On the one hand, 'affinity' became an affinity with one’s own real and imagined self – the photographic gaze turning inwards.  For example, taken in lonely isolation Abhijit Nandi’s photographs trained a surrealist sensibility upon his own body. Camera-less Amit Sheokand manipulated disused negatives to visually represent the emotional lobe of the human brain.  Martin Bogren’s returned to the Swedish lowlands of his childhood to rediscover fragments of a past through black-and-white phantasmagoric images.  Each called to mind a desire and nostalgia for an intimacy with one’s own self, a drama in which the camera became an enabling prosthetic.  Sometimes this turning inwards was a political gesture, but not often as successfully startling as Zee Chen’s representations of victims of political persecution in China using their own bodies as a site of physical self-infliction.

‘Affinity’ was also often taken literally.  That is - in the sense that the word means ‘being related to’ - the subjects of several series were families.  For example, Ana Galan’s series that captured a series of couples caught in the same dance pose across a diptych-like landscape, Bhumi Ahluwalia’s creative close-ups of pen-and-ink letters from her grandfather, Sanjeev Saith’s cell-phone photos taken while caring for his parents, and Zishan Latif’s photos of his grandfather.  Also along this vein, Sean Lee’s personal and playful photographs of his family played with the possibilities and strangeness of framing those that are often most intimate to us.  Each demonstrated how the photographic encounter - often with objects and people already familiar - could become an imaginative process through which ties of intimacy are themselves re-imagined.  As Sean Lee describes it for example, in how the sense of tactility we often lose with our families can be re-animated through the photographic encounter.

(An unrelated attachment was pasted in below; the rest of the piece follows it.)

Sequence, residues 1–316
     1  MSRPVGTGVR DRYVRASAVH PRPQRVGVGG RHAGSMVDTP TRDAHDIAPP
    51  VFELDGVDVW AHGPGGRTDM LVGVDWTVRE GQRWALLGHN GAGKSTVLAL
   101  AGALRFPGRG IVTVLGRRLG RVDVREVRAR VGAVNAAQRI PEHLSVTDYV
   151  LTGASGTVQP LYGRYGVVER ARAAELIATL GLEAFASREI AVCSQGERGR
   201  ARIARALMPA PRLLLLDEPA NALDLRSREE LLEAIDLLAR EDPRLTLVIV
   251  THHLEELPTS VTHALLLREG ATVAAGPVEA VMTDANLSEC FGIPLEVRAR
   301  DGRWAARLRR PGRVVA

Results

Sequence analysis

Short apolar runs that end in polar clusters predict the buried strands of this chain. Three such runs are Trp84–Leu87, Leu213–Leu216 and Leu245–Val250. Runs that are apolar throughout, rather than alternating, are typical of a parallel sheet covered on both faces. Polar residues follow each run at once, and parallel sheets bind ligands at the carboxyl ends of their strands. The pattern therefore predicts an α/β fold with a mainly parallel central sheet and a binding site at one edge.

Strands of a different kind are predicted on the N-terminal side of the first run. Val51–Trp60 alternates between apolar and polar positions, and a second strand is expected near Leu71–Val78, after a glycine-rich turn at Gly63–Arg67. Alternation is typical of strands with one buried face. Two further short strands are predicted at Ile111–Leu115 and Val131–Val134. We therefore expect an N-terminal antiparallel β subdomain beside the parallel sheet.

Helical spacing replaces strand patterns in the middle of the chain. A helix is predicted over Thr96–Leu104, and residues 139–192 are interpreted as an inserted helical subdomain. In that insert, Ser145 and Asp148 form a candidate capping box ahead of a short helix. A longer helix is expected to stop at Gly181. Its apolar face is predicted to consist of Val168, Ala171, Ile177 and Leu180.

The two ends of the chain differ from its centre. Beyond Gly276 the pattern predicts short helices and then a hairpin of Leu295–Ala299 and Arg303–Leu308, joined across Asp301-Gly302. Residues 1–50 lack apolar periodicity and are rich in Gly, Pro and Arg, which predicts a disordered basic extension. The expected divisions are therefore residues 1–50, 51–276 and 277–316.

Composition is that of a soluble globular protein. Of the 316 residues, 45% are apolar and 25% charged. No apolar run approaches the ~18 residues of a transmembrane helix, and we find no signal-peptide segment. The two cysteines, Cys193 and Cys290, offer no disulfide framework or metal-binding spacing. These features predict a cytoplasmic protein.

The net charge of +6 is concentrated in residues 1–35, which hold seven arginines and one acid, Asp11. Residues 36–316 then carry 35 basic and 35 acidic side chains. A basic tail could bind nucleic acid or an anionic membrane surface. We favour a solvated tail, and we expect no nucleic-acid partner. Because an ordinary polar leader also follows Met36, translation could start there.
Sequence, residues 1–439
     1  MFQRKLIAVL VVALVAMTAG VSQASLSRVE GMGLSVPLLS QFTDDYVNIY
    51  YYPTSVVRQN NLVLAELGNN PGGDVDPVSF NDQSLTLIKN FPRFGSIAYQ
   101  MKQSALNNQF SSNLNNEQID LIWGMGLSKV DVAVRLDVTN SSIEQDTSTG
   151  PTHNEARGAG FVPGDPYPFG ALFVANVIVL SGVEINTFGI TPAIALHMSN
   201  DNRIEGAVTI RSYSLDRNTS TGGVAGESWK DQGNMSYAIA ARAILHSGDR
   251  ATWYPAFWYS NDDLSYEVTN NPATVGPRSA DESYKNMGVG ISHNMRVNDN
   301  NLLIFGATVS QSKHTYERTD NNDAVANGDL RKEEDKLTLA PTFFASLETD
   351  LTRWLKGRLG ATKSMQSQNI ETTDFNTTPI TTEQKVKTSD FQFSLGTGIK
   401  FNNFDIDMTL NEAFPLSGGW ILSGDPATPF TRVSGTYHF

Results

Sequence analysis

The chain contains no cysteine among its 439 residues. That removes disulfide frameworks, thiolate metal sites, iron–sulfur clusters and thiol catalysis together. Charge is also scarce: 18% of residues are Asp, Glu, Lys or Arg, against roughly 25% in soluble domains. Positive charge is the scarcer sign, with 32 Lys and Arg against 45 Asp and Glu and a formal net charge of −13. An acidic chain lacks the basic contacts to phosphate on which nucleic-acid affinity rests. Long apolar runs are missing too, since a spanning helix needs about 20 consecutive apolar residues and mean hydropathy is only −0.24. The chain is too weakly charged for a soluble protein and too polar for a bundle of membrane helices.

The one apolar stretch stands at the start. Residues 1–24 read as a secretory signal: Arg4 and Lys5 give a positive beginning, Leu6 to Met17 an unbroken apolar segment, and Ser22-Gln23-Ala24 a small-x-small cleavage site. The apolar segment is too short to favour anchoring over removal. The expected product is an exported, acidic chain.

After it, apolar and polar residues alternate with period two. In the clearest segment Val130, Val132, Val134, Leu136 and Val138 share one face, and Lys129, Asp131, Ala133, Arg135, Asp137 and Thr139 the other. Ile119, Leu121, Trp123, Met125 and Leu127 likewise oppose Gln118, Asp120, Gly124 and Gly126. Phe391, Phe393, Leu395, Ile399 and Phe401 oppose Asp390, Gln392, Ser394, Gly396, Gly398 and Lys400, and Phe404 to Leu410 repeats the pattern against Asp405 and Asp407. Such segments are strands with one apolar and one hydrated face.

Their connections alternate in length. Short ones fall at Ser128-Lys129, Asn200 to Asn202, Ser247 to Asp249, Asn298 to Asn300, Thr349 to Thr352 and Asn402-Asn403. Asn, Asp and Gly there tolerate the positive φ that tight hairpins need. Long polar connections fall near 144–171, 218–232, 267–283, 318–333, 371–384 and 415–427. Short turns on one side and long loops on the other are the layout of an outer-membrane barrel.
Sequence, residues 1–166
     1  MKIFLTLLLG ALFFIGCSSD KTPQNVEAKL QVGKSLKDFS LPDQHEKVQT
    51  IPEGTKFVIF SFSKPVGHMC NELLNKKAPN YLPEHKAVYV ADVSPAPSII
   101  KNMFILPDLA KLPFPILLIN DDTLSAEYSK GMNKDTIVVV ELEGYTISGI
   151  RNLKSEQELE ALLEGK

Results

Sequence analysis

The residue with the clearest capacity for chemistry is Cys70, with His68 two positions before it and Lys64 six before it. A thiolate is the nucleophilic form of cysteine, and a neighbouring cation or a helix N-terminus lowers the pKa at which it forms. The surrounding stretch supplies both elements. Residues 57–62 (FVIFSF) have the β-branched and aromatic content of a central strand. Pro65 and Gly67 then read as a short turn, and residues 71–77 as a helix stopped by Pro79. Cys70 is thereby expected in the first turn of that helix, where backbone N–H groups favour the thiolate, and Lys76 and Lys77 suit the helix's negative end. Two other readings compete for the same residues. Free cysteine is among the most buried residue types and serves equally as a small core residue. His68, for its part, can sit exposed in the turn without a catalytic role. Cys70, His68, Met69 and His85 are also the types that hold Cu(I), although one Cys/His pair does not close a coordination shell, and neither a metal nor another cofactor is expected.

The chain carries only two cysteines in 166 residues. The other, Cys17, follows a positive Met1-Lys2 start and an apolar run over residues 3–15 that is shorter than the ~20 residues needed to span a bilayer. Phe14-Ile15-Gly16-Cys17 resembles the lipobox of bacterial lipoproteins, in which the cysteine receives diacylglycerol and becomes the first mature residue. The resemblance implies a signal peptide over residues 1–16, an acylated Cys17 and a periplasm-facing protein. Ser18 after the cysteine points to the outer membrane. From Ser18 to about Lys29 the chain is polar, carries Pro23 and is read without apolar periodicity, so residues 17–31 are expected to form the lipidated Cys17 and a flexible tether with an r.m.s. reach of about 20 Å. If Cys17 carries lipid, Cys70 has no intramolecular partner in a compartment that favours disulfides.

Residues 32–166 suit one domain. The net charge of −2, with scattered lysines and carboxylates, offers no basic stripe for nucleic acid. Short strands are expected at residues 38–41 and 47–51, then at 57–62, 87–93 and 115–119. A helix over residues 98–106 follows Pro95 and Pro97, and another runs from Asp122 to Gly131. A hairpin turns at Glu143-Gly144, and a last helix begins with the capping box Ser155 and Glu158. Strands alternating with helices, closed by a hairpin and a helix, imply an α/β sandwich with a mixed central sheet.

‘Affinity’ also comes to mean reaching out, a bridging of distance.  Here, take for example Amit Madheshiya’s portraits that frame the fleeting pleasure of tent-cinema audiences as they gaze not at the camera, but at traveling movie screens.  Or Kannagi Khanna’s portraits of women from an Ahmedabad slum nicknamed ‘Hollywood’ for the famed beauty of its inhabitants.  In Khanna’s photographs, these women pose next to and mimic glamour-shots of Hollywood celebrities.  These sets seek to capture something of the possible delight in the traveling of images as they produce their own wide webs of affinity and desire.